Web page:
This week on Terra Informa we explore the topic of science communication and talk to two women who are bridging the gap between science and the people. First, Amanda Rooney brings you an interview with New Zealand’s Nicole Masters, an agro-ecologist, educator and systems thinker, about soil health and regenerative agriculture. Then, Ashley Kocsis interviews children’s book author and illustrator Karen Romano Young. Romano Young’s work aims to help scientists convey their messages and stories by combining science and art.

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Co-Chairing the IPCC Science Process

Valérie Masson-Delmotte (CCYP)

Photo by: Chris Chang-Yen Phillips

This week on Terra Informa, Chris Chang-yen Phillips brings you an interview with Valérie Masson-Delmotte, who is the Co-Chair of the Intergovernmental Panel on Climate Change – Working Group I. This Working Group is one of three that inform the United Nations and its member countries and deals with the physical science basis of climate change.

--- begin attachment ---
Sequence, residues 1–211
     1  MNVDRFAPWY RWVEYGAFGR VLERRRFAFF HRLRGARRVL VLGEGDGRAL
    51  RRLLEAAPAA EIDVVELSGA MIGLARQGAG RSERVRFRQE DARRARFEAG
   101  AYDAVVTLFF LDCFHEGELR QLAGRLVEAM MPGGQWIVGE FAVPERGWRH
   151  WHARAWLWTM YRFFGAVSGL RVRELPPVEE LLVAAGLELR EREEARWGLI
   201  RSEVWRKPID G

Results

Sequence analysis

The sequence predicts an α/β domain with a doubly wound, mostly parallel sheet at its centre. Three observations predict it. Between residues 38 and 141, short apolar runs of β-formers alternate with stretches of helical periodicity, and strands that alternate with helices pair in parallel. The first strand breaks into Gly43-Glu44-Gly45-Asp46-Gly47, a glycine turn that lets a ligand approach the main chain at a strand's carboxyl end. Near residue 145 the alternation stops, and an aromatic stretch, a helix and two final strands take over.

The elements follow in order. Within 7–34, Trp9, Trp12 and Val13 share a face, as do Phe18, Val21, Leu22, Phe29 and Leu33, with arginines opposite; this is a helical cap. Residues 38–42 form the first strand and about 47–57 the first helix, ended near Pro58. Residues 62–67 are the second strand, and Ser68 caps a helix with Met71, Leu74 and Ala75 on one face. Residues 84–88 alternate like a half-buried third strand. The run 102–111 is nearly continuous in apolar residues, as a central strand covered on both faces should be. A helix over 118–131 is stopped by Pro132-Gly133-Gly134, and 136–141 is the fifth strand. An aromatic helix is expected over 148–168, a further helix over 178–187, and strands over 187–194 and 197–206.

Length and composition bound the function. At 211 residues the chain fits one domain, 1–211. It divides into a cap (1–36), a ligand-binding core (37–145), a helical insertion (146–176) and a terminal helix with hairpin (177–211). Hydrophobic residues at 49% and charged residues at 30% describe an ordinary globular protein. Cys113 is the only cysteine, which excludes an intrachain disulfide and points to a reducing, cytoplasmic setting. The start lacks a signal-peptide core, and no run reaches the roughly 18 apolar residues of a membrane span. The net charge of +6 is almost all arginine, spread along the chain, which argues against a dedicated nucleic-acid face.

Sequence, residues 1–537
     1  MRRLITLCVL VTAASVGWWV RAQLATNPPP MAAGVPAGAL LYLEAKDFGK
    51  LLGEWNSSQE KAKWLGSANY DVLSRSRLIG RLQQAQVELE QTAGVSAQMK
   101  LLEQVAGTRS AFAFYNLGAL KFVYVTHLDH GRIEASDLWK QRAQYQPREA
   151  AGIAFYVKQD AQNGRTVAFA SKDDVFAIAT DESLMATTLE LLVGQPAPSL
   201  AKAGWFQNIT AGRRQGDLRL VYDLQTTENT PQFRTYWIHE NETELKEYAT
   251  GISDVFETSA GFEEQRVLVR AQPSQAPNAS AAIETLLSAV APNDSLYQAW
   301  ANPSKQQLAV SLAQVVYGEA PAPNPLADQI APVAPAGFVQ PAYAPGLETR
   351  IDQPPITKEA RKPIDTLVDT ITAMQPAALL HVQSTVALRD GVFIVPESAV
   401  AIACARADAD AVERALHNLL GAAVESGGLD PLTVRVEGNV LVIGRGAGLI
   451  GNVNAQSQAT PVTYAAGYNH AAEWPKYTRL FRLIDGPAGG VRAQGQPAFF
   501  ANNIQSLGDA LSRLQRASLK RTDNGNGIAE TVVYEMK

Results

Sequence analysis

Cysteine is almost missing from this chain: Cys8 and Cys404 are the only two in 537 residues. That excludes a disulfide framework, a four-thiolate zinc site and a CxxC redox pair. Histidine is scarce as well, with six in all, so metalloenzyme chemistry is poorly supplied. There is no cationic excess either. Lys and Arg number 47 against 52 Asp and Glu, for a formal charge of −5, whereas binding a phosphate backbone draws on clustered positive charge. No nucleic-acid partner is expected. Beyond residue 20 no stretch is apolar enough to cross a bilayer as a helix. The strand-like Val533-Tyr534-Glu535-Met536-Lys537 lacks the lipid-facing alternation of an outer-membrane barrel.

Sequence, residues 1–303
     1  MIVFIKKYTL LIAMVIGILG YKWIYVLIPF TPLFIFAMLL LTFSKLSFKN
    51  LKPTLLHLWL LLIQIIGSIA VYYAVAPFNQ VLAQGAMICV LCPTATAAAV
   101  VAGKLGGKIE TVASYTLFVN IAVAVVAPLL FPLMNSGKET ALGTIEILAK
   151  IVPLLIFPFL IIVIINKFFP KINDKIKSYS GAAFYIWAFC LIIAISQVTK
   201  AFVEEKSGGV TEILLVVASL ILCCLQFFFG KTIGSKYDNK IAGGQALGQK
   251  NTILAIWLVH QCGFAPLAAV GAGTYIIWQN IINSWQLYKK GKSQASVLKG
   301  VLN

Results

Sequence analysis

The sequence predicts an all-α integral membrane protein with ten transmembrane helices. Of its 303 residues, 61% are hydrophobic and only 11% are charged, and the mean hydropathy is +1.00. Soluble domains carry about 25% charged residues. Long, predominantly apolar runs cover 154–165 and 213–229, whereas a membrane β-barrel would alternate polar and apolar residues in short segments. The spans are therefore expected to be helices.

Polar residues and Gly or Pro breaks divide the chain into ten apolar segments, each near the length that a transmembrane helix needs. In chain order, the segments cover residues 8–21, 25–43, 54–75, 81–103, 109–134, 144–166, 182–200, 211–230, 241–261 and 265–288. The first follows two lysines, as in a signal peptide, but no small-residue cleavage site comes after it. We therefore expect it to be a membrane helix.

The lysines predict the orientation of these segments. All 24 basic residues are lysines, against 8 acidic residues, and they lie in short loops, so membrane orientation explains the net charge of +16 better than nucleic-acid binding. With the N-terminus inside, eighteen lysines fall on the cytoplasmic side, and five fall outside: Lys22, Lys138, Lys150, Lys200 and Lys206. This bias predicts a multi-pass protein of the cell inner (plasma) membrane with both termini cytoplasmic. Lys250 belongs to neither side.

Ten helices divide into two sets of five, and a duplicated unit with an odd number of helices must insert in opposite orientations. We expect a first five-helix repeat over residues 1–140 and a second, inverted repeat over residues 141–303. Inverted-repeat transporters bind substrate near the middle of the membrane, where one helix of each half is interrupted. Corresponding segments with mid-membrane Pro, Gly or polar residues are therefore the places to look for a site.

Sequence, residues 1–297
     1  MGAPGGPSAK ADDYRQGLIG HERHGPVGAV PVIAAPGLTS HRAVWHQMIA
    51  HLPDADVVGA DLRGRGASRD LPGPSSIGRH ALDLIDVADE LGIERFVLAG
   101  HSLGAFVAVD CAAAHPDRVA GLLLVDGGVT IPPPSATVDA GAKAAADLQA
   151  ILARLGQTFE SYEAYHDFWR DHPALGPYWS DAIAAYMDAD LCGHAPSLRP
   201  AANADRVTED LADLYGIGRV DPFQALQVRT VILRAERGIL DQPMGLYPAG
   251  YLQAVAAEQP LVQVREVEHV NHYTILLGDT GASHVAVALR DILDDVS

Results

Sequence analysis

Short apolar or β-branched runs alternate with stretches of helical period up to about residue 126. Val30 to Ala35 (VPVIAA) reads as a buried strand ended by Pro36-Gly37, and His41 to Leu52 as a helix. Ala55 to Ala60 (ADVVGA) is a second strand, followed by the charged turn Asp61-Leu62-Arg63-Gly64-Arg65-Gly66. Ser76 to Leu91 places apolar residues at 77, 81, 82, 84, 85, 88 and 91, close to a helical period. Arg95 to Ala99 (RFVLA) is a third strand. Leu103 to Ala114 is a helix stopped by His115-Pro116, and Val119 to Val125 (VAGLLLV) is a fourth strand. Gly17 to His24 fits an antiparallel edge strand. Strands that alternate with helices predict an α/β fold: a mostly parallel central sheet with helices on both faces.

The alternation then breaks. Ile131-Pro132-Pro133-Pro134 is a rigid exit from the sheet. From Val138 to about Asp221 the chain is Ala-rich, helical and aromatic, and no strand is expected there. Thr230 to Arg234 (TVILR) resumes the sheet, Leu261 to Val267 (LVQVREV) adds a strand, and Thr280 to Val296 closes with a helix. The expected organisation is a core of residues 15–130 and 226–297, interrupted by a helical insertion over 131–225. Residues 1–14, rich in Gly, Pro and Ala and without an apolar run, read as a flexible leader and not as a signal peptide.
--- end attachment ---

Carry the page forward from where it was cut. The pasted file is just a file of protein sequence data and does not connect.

We also have some headlines for you about bike-sharing [Link] and some urban agriculture projects in Edmonton [Link 1][Link 2]!

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Download program log here.

Public Participation and the Environment

Atkinson, George Francis

Photo by George Francis Atkinson

This week, we bring you a documentary by Terra Informer Caitlin Macnab on the new environmental impact assessment and what public participation means in the environmental sphere. Tune in for a deep dive on just one part of the recent federal environmental legislation changes.

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Terra Misinforma 2018

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Photo by adam morse on Unsplash

The Terra Informa team is back again with the classic annual ~April fools~ episode!

This April fools tune in to be misinformed about solutions to cow farts, the revocation of your ‘environmentalist’ card, and other solutions to climate change. Then we revisit an archive and delve into questions like “what to do with Iceland?” and “what is eco-amnesia?”.

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Download program log here.